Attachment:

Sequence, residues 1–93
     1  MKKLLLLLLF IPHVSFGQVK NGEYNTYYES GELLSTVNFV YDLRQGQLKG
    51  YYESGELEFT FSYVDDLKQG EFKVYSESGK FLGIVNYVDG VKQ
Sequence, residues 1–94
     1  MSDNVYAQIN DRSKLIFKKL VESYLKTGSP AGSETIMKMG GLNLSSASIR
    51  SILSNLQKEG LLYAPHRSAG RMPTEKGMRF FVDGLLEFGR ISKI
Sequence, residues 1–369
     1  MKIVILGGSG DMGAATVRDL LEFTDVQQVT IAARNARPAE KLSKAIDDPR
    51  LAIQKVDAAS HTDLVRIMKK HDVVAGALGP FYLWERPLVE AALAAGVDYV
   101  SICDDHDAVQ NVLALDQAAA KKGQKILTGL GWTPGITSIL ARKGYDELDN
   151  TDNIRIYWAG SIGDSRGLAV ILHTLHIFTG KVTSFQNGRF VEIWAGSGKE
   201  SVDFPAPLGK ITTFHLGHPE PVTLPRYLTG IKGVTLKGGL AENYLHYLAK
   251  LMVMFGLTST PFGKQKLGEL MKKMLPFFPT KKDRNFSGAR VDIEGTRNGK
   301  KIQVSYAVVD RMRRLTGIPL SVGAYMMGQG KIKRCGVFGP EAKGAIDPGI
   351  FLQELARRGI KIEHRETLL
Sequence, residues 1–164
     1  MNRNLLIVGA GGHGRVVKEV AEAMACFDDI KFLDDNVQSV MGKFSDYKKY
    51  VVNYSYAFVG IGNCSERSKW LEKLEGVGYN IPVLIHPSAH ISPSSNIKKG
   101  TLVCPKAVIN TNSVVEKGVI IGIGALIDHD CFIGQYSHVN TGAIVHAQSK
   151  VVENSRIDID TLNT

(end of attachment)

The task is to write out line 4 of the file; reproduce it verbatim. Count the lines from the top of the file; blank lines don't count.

Sequence, residues 1–94